July 8, 2019
For Iris Alonzo and Carolina Crespo, starting a brand together might have seemed like an obvious idea. The pair had been colleagues for over a decade at American Apparel, where Alonzo was the creative director while Crespo ran graphic design and the kids’ division. But both had left the company after it was sold to a hedge fund that turned it, in Alonzo’s words, from a “very altruistic leadership group to purely profit- and finance-driven.”
And they knew they weren’t the only ones at loose ends in the wake of the company’s transformation. The Los Angeles factories that had relied on American Apparel for work were struggling in the wake of the leadership transition, which had seen the company moving its manufacturing overseas. Alonzo and Crespo were also getting calls from companies that had bought AA tee shirts wholesale to be customized for branded merchandise—they were wondering if there was anyone who could manufacture locally instead. .
the world just doesn't need more stuff. And if we're gonna put one more damn thing on the planet, let's make sure that there's a reason for it. That there's a purpose.
So when they started Everybody World, their sustainable design collective, they made sure that every facet of the company felt intentional and thought-through. Their Macarthur Park office is furnished completely with items that are either locally-made or secondhand, down to the forks in the kitchen drawers and the vintage Ikea stools that serve as seating. Even the shirts they sell to companies, like The New York Times, are made from ‘waste cotton’ that otherwise would have ended up in a landfill.
Their design process is unusual, personal, and highly specific. Instead of following a single (top-down) vision, they partner with people, usually folks who aren’t involved in the fashion industry, to create designs that answer the question: “What's the one thing that's missing from your wardrobe?”
“Someone who thinks a lot about what they wear, whether they're in fashion or not, they have that thing,” Alonzo says. “It's, okay, I can never find a pair of jeans that fit me. Or, like, why doesn't someone make the perfect bodysuit? So it's not just the design: it's the purpose, and then it's the person.” In other words, everything they manufacture has a reason for being.
Everybody World also shares 10% of the profits that they make off of each item either with the designer, or with the designer’s non-profit of choice. They see this money as a creative person’s version of driving for Uber on weekends: by itself, you can’t live off of it, but as a little something extra, it can be a big help.
Their collaborators are a fascinating mix of well-known names and fashion world nobodies, like The Standard’s Creative Director of Food & Culture, Angela Dimayuga; as well as Delores Kerr, who is a nurse, an LAUSD educator, former fashion model, and the founder of Mentors for Youth and Adults Worldwide. Prakash Gokalchand, who plays chess in MacArthur Park, designed the ‘perfect’ button up shirt and a pair of sweatpants; and Meredith Koop, who used to style Michelle Obama, contributed a “versatile, inclusive, unisex” coat. A four year old named Akira dreamed up pants, and a shirt and sweatshirt with extra-deep “treasure pockets” that can be filled with all the things a four year old might need to carry.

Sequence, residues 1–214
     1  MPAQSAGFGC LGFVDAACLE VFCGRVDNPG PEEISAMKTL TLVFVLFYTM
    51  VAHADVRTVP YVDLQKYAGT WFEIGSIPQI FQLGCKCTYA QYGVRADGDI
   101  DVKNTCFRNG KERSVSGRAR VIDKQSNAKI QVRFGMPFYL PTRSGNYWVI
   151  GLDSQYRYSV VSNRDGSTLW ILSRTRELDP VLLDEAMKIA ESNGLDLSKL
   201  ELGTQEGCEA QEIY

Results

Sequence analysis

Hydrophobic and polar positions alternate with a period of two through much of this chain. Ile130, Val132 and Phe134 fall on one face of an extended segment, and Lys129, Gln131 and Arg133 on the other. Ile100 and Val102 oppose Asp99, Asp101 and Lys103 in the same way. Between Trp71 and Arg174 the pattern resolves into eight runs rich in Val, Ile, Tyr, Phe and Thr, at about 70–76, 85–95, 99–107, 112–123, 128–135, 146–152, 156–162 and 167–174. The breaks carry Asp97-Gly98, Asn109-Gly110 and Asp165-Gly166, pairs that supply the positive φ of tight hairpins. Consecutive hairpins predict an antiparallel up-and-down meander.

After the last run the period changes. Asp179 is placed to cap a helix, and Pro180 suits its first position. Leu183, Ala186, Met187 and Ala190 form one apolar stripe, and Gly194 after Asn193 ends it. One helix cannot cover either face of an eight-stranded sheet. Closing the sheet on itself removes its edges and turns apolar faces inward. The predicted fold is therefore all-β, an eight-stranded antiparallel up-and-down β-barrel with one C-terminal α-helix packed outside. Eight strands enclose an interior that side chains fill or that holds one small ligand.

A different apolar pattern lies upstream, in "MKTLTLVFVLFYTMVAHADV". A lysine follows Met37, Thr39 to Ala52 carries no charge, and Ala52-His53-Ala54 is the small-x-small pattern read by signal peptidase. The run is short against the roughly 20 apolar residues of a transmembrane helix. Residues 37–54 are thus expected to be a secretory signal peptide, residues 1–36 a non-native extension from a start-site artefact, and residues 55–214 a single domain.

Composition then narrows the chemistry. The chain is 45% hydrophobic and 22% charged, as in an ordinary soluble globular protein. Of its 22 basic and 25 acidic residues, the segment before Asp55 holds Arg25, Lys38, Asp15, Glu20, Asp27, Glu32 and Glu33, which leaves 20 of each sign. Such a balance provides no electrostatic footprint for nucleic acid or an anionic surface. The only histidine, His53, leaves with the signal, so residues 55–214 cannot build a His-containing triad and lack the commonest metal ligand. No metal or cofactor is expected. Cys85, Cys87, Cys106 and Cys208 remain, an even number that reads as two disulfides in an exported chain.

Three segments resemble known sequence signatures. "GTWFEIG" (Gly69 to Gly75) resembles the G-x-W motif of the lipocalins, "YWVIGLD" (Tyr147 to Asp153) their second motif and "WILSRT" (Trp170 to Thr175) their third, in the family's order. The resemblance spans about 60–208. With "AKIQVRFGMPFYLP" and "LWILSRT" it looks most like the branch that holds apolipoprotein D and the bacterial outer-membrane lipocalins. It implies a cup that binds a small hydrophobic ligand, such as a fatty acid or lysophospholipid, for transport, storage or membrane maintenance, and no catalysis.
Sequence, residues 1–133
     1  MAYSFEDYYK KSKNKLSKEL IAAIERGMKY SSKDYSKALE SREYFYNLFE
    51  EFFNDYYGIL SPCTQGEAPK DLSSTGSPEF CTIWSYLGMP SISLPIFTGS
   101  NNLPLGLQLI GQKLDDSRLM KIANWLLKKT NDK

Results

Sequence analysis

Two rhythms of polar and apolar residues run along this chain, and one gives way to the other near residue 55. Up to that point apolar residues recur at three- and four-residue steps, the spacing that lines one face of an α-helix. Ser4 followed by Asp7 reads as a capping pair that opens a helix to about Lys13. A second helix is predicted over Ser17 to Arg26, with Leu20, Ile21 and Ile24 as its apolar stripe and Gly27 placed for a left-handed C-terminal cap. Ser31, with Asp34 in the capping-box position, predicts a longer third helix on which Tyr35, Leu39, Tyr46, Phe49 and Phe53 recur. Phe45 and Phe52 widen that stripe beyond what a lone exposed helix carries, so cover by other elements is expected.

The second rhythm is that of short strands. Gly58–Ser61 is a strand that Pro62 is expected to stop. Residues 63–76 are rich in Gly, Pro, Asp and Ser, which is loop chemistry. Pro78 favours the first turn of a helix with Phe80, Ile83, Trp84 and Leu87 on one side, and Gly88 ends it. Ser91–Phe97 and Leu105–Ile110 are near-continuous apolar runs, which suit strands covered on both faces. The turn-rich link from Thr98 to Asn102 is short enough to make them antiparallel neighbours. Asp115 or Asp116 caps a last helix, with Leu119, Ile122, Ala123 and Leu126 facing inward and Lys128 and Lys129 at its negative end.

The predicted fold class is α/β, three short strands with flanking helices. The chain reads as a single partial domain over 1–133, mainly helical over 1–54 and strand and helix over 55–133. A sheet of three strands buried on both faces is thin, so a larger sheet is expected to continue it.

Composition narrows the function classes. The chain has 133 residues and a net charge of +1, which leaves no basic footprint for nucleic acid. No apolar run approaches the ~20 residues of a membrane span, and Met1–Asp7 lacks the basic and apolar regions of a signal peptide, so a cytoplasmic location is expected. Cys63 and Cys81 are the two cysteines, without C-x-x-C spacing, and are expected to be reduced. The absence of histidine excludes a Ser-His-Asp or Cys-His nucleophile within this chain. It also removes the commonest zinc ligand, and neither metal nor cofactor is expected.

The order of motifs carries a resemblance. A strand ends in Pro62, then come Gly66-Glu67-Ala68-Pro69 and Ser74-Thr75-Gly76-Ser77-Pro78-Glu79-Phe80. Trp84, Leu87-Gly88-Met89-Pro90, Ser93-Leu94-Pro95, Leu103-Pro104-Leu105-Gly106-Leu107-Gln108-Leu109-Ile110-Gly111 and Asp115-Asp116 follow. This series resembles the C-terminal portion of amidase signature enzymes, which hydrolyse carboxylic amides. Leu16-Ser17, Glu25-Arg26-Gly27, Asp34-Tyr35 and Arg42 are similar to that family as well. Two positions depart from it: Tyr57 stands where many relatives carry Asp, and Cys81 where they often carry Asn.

Everybody World is just two years old, but Alonzo and Crespo already know that their partnership is battle tested, and built to last. “It was quite traumatic,” when American Apparel was sold, Alonzo says. “We spent so much time together during that time, because we really couldn't—”
“Trust anybody else!” Crespo cuts in, their symbiotic communication evident in the way they share stories.
They’ve spent their time at Everybody World reinforcing that bond, working through the friction that inevitably comes up in any partnership. “I think now we're kind of like family: we're not going anywhere,” Alonzo says. “We're here to stay, which means we have to work through it. If you start an argument knowing that there's light at the end of the tunnel, it makes it much easier. Because you know you're trying to get to the same place.”
“You're trying to resolve it,” Crespo agrees. “It's like getting mad at my sister: no matter what, you're like, whatever, fine, we need to get through this.”
Everybody World is a deeply personal project for both women; like many entrepreneurs, they spend so much time at the office that it sometimes feels like home. That’s more literal for Alonzo, who lives downstairs e in the same building. They’ve also turned part of the office into a makeshift living space where visitors can crash while they’re in town; currently it’s being occupied by a blonde named Amy who pokes her head in to say “hi” on her way to dance class. Alonzo’s dog Charlie wanders around the office before joining us on the couch, gracefully accepting as many pets as we’ll give her.
It’s clear that Everybody World isn’t run according to market logic; it’s all done at human scale, by people who are less interested in the abstract idea of fashion than in making stuff that will actually be of use to their customers.
“There's so much stuff being made,” Alonzo says. “Our goal is really to change the way it's made so everyone in this process can have a positive experience. You don't have to fuck anyone over, including the planet, in order to make something.”